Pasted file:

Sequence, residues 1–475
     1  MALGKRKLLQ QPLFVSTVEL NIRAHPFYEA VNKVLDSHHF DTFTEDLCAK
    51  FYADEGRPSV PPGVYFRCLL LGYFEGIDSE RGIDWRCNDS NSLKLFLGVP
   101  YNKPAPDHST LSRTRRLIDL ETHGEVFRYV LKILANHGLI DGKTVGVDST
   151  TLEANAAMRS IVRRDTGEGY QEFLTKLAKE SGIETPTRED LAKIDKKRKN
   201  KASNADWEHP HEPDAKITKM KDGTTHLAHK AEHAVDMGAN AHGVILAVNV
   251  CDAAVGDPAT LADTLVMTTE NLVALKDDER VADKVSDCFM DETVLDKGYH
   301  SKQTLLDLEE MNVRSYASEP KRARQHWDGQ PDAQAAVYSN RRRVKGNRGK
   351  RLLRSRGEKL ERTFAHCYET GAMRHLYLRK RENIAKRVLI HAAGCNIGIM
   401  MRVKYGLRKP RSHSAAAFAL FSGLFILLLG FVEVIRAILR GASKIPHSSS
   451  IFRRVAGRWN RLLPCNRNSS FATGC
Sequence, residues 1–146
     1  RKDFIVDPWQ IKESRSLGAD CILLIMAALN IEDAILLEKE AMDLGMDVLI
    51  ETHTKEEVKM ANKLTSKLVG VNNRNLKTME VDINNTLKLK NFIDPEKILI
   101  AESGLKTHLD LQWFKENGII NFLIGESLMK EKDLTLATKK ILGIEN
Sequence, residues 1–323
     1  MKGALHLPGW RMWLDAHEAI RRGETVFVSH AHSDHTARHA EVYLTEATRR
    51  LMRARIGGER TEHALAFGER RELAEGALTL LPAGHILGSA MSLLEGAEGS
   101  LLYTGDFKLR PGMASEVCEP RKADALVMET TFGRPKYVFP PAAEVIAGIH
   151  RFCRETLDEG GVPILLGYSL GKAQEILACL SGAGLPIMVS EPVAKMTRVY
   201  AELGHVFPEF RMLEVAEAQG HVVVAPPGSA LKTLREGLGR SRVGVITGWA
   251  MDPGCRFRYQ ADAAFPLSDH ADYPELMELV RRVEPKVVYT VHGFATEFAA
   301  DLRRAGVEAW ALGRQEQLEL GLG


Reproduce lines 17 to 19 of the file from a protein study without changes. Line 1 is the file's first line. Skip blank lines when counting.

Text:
     1  MKGALHLPGW RMWLDAHEAI RRGETVFVSH AHSDHTARHA EVYLTEATRR
    51  LMRARIGGER TEHALAFGER RELAEGALTL LPAGHILGSA MSLLEGAEGS
   101  LLYTGDFKLR PGMASEVCEP RKADALVMET TFGRPKYVFP PAAEVIAGIH